Category Archives: BCM310

Whitewashing Foreign Film

For thousands of years stories have been trade around from generation to generation and between cultures. As stories transcend the cultures they are created within, slight changes occur in order to fit the stories into the new culture. A big contemporary example of this is The United States’ Hollywood, which is often criticised for it’s whitewashing of it’s films. Whitewashing is the making of foreign sourced content with a Caucasian-centric approach. An interesting case is the original 1954 japanese film ‘Gojira’ vs the American remake ‘Godzilla’.

Gojira vs Godzilla

The original Japanese ‘Gojira’ features a giant reptile beast brought about by American nuclear weapon testing and the struggles of the Japanese victims of Gojira’s attacks. The film explores themes of corrupt politics, nuclear warfare and the role and power of science with weaponry. The film is quite well received and is considered a good metaphor for condemning the use of nuclear warfare and as such is somewhat critical of America’s involvement in the development of nuclear weapons. An English dub of this movie was created for American audiences but as well as adding subtitles to some scenes and the occasional dubbing over scenes, multiple ‘American scenes’ were filmed and spliced into the movie to localise it to American audiences.

The problems surrounding the American remake is that the American scenes break the narrative of the original and re-orients the trajectory of themes, effectively cutting a lot of the crucial social and political commentary that made the original so impacting. The inclusion of an American main character, Steve Martin, distances audiences from the plight of the Japanese victims and being an American remake, much of the discourse condemning nuclear warfare and indirectly criticising America’s involvement in the development of nuclear weapons.

An example of how there seems to be an imagined need for characters that we want to relate to to be of the popular Caucasian variety when it doesn’t matter so much for any other character (In Godzilla, there is an added American main character but Godzilla remains a ‘Japanese’ monster)

It’s Not About Accessibility

A common response to why films are changed so much in translation is that it makes the films more accessible to the local audience. This Huffington post Article by Amanda Scherker demonstrates many cases where stories with foreign source material are strongly Americanised and characters originally of non-white appearance are often being played by white actors. Subtitles and dubbing is often more than enough to localise content, changing important aspects of a film whether it be to defend the integrity of a nation’s military practices or so audiences can relate to the characters and their habits perpetuates the idea of ‘otherness’. As David White say in an interview in B. Couleur magazine, “Unfortunately, the industry is driven by a group of risk averse decision makers who continually make inaccurate assumptions about the abilities of people of color and storylines about their communities and this persists generationally” (White, 2011). White identifies that there is an ideology that suggests we can’t make connections with people who aren’t ‘just like us’. There is a prevalent idea that people of any culture or race than our own is ‘different’ and ‘not one of us’. This can exist in extreme cases with racism and culture avoidance but also in smaller interactions such as thoughts like, “I like Italian food but not Korean food”. Can that truly be the case, that the subject dislikes all food related to the broad culture of a nation? It’s more likely that the subject dislikes a number of foods often identified as originating in Korea.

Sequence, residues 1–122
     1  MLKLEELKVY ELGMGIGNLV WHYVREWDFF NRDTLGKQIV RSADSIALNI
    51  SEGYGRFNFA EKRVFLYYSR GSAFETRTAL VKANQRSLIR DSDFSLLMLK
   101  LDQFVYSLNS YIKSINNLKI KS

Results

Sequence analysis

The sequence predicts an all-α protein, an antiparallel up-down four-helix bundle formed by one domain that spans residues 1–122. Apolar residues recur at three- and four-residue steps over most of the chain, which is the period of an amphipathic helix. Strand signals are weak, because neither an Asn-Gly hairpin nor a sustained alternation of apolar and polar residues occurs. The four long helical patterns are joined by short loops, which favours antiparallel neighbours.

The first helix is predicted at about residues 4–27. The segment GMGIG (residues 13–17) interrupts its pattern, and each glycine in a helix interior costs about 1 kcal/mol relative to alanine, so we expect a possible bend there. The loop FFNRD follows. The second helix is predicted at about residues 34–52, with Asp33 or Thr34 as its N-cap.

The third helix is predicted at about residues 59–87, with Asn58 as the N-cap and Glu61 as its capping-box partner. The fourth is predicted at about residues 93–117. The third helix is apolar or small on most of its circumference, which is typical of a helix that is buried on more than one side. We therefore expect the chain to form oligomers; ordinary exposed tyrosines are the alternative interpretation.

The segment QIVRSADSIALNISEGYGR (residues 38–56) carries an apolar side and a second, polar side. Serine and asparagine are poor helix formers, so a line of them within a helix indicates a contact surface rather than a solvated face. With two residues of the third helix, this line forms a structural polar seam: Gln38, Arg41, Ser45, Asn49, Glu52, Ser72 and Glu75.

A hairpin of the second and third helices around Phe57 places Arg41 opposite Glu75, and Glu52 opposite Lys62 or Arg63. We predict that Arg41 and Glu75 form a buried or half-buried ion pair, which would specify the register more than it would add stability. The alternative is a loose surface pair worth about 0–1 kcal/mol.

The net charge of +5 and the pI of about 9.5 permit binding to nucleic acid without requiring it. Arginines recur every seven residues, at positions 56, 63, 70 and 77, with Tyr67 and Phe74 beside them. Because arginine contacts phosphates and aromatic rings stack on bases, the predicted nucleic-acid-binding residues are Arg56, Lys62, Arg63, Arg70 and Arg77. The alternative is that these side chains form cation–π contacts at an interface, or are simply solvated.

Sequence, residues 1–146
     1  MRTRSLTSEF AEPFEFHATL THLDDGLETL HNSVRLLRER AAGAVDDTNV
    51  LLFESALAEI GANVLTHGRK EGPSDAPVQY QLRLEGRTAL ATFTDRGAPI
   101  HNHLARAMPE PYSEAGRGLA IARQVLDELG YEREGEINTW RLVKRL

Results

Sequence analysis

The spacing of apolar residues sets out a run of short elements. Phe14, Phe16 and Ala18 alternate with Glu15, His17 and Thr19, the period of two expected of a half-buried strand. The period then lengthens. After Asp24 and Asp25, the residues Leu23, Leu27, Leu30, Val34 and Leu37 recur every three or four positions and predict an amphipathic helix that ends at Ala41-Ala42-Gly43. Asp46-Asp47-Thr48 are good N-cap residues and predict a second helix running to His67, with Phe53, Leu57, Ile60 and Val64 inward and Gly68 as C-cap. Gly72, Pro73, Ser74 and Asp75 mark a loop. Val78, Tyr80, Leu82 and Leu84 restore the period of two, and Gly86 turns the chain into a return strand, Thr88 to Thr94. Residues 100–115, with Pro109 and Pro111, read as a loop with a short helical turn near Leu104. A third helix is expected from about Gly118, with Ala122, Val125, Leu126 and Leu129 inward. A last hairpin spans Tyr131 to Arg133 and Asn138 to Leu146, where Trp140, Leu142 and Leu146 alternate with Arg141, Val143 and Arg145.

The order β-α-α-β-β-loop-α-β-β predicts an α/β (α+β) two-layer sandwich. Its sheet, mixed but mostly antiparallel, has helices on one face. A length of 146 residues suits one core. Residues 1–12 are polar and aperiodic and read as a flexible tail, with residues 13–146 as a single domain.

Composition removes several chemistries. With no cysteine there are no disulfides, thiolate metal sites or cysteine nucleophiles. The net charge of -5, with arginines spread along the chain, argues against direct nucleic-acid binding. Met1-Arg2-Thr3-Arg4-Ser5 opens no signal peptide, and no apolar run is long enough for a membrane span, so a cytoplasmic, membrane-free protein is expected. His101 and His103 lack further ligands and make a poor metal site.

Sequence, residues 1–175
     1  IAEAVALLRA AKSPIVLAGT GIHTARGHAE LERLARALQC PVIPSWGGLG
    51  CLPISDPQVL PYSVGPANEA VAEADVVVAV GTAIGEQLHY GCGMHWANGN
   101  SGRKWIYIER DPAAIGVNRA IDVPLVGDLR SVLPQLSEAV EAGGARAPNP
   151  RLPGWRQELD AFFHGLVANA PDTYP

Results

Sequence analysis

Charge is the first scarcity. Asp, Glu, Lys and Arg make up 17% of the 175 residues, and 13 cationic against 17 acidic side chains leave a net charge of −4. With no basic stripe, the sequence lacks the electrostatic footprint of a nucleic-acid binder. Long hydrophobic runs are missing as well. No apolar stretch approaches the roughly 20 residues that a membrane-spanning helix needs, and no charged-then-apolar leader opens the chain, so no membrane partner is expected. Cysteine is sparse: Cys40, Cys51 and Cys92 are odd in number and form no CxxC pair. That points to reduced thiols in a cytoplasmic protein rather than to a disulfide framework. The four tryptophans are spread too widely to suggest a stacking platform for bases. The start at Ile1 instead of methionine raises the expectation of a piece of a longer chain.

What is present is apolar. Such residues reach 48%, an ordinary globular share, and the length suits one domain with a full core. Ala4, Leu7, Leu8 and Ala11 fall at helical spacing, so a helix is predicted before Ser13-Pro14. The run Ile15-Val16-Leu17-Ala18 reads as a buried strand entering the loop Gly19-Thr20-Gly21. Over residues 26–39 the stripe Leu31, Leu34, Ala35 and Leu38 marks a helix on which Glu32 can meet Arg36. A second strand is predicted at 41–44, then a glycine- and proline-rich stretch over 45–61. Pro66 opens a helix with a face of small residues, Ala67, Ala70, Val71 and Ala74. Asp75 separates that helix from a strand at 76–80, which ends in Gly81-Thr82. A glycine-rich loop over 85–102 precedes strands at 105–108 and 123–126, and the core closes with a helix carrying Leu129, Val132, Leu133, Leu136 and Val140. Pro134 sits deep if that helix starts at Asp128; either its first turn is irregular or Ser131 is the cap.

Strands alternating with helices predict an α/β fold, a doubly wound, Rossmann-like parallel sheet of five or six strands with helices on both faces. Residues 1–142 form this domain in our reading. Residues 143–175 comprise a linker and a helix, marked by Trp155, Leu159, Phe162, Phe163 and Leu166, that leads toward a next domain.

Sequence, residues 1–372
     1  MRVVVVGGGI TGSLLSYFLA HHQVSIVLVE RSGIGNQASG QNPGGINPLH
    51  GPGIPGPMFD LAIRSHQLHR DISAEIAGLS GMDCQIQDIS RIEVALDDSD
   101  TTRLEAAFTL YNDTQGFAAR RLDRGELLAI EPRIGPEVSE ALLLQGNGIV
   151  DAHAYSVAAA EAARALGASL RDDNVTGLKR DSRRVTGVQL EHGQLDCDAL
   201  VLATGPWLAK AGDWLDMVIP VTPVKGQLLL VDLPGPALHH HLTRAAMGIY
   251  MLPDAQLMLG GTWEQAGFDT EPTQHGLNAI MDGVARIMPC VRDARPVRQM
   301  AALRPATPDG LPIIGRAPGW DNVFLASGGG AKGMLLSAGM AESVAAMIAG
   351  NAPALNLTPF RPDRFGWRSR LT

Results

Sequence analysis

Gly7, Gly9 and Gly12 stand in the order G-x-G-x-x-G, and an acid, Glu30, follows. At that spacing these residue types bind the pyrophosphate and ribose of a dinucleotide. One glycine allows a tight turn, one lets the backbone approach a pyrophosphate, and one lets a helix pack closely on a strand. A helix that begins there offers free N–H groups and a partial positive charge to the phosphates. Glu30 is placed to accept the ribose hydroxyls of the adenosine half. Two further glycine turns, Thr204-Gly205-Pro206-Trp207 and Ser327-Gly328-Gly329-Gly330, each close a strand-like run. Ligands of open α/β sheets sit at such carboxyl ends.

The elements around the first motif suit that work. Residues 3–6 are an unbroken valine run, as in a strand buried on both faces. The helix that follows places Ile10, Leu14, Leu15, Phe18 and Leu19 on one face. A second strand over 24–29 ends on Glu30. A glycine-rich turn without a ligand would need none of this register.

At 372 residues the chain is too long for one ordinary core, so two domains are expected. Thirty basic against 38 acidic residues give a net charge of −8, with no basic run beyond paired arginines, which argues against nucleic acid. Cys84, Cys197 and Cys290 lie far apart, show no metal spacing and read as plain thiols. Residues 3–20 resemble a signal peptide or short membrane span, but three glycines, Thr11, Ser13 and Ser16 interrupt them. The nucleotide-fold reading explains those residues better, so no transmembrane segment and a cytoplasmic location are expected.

The End or Just the Beginning?

In a chapter of his book ‘Always on’ titled, iSpy: the end of privacy, Brian Chen suggests that following the rise of social media and the subsequent ease to which we can share personal information en mas and companies can ‘mine’ that information that perhaps privacy doesn’t matter any more. I beg to differ, considering that more and more of our arbitrary personal information is becoming a valued commodity among the companies that surround us, it could be said that privacy is becoming an increasingly prominent aspect to consider in our lives.

We’re All Worth It

According to this quick personal data value calculator, companies would pay roughly $500 for the data profile of a thousand, fairly ordinary people such as myself. Scale this up to the 1.4 billion Facebook users and suddenly data is very valuable. Chen says, “the wide spread enthusiasm for always on interpersonal connections is indisputable proof that people are willing to sacrifice privacy in exchange for services richly tailored to their unique lives” (Chen, 2011), while it is true that people are actively sacrificing privacy in some areas for social media services it’s only some of our personal details we’re simply handing out. Information that previously was not considered so private is becoming the more valuable data about ourselves such as, our shopping habits, travel details and opinions on products and services. It’s these details that we are paying close attention to because of the risk of being profiled by companies that suggest that privacy is more relevant than ever.